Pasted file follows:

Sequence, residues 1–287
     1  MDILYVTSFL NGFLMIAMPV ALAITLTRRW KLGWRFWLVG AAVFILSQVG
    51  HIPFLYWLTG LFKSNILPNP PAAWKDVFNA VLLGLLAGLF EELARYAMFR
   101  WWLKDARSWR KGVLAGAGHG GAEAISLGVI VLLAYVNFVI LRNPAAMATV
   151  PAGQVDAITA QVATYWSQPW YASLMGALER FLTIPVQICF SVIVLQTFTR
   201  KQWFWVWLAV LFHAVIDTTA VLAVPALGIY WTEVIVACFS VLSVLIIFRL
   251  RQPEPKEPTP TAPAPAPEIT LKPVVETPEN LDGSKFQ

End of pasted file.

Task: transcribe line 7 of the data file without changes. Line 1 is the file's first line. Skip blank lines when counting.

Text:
   251  RQPEPKEPTP TAPAPAPEIT LKPVVETPEN LDGSKFQ